No area of the stock market has been hotter than tech since the election, and it seems investors still haven’t gotten their fill.
They poured $US1.8 billion into the largest exchange-traded fund tracking the sector on Tuesday, the biggest single-day inflow since September 2010.
That jibes with data compiled by Bank of America Merrill Lynch last week, showing that the group is on pace to absorb the most capital since the dot-com bubble 15 years ago.
It’s a remarkable signal of confidence for tech industry, which has already surged 21% since the US presidential election. So why are people so keen to continue loading up on shares? Look no further than the sector’s torrid earnings growth.
It boasts the best profit expansion in the S&P 500 at the moment, excluding energy, and is projected to see earnings expansion of 19% for the full-year 2017, while the broader benchmark is expected to see ex-energy growth of just 9.2%, according to data compiled by Bloomberg.
Led by juggernauts like Google, Amazon and Facebook, internet companies specifically are driving gains. As BAML chief investment strategist Michael Hartnett pointed out last week, the 90-stock Nasdaq internet index is on pace for a 75% gain in 2017.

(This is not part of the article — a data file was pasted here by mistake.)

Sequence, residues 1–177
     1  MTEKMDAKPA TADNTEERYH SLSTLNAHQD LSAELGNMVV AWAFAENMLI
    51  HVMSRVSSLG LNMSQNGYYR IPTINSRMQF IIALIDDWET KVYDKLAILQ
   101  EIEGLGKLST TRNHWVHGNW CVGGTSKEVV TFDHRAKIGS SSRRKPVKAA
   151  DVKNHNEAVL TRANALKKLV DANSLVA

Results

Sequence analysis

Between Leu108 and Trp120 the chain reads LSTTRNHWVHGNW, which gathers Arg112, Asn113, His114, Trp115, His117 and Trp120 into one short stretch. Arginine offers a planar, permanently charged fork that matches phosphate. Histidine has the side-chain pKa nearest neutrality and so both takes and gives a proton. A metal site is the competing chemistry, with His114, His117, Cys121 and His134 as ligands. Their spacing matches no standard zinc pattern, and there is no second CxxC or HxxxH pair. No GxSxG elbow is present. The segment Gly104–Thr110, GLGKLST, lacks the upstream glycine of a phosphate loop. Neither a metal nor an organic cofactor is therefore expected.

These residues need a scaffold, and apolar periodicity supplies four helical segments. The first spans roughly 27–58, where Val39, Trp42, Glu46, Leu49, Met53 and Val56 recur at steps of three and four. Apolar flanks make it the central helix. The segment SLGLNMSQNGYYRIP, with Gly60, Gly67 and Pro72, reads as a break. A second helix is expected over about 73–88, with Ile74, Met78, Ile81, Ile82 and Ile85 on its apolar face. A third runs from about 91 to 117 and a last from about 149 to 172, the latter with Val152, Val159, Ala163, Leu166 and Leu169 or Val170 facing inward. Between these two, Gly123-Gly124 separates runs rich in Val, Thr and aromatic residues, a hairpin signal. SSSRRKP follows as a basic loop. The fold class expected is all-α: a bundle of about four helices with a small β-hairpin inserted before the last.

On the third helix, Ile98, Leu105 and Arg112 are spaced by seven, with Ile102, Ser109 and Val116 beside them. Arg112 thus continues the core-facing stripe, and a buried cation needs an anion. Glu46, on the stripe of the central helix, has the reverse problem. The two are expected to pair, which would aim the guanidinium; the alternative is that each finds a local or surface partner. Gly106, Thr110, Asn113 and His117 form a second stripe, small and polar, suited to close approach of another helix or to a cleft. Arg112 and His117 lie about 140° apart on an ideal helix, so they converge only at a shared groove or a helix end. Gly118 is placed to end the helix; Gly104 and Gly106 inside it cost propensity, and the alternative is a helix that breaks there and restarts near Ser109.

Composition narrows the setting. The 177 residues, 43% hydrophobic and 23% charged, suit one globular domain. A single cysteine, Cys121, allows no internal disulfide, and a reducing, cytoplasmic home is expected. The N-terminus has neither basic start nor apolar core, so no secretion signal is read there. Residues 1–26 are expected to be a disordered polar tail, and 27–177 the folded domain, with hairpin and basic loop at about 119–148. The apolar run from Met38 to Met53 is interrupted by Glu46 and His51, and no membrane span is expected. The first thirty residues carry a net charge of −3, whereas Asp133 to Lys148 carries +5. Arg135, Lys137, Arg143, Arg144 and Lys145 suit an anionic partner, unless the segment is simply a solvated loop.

Hedge funds are also helping. The aforementioned trio of tech firms are the three stocks that matter most to hedge funds right now, according to Goldman Sachs, which combed through 821 funds holding a combined $US1.9 trillion.
But just because tech stocks have caught fire doesn’t mean investors are throwing all caution to the wind. Options traders are paying the most since early January to protect against a 10% loss in the PowerShares QQQ Trust Series ETF over the next six months, relative to a 10% increase.
With all other signs pointing to extended bullishness for the sector, it’s likely investors are simply protecting the considerable gains they have already realised, rather than speculating on a large decline.
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